Using dating apps as a queer person can be dangerous, especially in countries where homosexuality is punishable by death. Now, Tinder is shifting from its recent acknowledgment of queer users to trying to protecting them. Tomorrow, the app will begin rolling out a safety feature designed to inform readers of potential risks of using dating apps for LGBTQ people in nearly 70 countries that have discriminatory laws.
Here’s how it will work: if a queer user is in one of these countries, the alert will appear once they open Tinder to caution them about using the app while in that location. Tinder will also hide users with a queer orientation in their bio from matching in those countries by default, and users will be able to choose whether they remain hidden or make their profile public.
Being gay remains illegal in many countries, including 34 countries in Africa (despite a recent victory in Botswana, which recently decriminalized homosexuality). On the first day of the year, a transgender woman was killed in Malaysia. Tinder’s new feature comes months after Lebanon banned Grindr, a ubiquitous gay dating app that had already been banned in several other countries, such as Turkey and Iran.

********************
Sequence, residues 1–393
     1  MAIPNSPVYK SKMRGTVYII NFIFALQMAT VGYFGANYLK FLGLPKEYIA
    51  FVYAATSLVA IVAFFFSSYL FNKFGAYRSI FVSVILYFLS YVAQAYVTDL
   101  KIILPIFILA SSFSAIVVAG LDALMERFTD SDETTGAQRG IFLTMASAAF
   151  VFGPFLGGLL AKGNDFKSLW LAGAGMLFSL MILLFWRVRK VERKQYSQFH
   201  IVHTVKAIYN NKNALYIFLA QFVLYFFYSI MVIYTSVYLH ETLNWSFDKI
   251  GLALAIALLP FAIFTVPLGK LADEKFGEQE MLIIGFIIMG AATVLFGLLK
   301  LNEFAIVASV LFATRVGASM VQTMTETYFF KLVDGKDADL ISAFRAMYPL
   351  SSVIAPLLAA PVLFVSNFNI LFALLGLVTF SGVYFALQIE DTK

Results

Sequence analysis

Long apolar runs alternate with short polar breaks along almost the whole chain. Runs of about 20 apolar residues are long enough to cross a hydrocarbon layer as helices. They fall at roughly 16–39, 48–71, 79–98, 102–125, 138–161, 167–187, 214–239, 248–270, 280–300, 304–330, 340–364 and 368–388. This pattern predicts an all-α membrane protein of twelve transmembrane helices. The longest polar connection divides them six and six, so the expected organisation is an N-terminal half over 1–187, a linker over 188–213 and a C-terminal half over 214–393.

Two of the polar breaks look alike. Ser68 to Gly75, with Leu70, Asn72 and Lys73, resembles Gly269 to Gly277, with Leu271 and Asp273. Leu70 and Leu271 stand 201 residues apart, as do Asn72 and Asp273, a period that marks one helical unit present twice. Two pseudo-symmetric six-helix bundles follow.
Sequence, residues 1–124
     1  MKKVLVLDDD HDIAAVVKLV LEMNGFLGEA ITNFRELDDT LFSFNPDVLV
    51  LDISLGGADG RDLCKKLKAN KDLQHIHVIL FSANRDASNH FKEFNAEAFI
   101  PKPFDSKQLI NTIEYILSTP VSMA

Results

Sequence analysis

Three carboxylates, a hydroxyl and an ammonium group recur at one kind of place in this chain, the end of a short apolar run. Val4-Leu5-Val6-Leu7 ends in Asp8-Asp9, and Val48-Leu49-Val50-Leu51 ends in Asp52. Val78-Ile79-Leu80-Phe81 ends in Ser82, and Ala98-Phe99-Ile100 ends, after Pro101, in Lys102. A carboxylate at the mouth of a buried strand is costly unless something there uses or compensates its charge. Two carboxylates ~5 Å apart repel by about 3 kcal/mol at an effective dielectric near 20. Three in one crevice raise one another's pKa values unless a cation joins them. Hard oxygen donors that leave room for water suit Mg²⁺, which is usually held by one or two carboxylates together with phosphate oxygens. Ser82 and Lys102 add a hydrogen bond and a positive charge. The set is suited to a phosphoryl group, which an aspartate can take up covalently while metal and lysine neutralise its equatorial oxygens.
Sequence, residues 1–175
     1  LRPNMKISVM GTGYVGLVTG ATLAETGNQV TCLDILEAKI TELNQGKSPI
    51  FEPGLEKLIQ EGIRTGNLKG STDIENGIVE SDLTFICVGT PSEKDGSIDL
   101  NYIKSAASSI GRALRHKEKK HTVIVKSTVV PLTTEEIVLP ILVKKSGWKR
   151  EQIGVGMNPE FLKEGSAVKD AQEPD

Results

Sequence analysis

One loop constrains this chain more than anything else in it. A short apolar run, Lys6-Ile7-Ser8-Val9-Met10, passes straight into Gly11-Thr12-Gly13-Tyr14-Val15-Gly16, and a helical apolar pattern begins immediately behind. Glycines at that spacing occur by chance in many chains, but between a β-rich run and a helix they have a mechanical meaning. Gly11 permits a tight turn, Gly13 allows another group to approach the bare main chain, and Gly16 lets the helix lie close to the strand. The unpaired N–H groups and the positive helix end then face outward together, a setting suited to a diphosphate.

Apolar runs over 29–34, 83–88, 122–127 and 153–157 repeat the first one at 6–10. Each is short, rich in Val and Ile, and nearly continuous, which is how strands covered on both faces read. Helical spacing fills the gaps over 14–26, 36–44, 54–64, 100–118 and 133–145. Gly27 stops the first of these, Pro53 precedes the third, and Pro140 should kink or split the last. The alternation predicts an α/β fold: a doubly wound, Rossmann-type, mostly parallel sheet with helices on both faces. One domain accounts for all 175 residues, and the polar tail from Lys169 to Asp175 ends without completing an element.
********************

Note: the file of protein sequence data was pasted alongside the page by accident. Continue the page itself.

According to a Tinder spokesperson in an email to VICE, the app is focusing on providing safety for users regardless of orientation or gender. Tinder collaborated with ILGA World, the International Lesbian, Gay, Bisexual, Trans and Intersex Association, to create this, sourcing data from ILGA World’s latest State-Sponsored Homophobia report to determine where the feature should be deployed.”We hope that this development will raise awareness amongst all Tinder users, and help protect people of diverse sexual orientations in the 69 countries around the world that currently still criminalise same-sex love,” said André du Plessis, Executive Director at ILGA World in a press release.
In the past couple months, Tinder is ramping up its efforts to help LGBTQ users. In June, the company added a sexual orientation field to Tinder profiles. with nine orientation choices, including asexual and questioning, and users can choose up to three.
Tinder updates have historically been light, if not downright cutesy. Festival Mode, released in May, was aimed at connecting fellow festival-goers; Spring Break Mode, released in February, was meant to make it easier for users to get laid at their vacation destinations.